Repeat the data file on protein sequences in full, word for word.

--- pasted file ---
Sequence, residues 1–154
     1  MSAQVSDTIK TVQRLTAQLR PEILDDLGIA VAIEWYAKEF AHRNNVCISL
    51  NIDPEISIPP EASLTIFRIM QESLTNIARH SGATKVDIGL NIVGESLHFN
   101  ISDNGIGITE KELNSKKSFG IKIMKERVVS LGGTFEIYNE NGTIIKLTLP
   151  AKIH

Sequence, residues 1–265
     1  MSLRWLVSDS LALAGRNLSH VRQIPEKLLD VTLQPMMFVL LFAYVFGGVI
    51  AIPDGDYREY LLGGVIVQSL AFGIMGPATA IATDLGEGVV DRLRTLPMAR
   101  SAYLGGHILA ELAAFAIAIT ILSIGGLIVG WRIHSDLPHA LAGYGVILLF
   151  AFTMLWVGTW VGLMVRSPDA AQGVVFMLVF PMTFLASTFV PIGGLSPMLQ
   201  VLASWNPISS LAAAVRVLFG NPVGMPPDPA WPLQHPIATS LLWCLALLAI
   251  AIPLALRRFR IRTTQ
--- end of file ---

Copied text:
Sequence, residues 1–154
     1  MSAQVSDTIK TVQRLTAQLR PEILDDLGIA VAIEWYAKEF AHRNNVCISL
    51  NIDPEISIPP EASLTIFRIM QESLTNIARH SGATKVDIGL NIVGESLHFN
   101  ISDNGIGITE KELNSKKSFG IKIMKERVVS LGGTFEIYNE NGTIIKLTLP
   151  AKIH

Sequence, residues 1–265
     1  MSLRWLVSDS LALAGRNLSH VRQIPEKLLD VTLQPMMFVL LFAYVFGGVI
    51  AIPDGDYREY LLGGVIVQSL AFGIMGPATA IATDLGEGVV DRLRTLPMAR
   101  SAYLGGHILA ELAAFAIAIT ILSIGGLIVG WRIHSDLPHA LAGYGVILLF
   151  AFTMLWVGTW VGLMVRSPDA AQGVVFMLVF PMTFLASTFV PIGGLSPMLQ
   201  VLASWNPISS LAAAVRVLFG NPVGMPPDPA WPLQHPIATS LLWCLALLAI
   251  AIPLALRRFR IRTTQ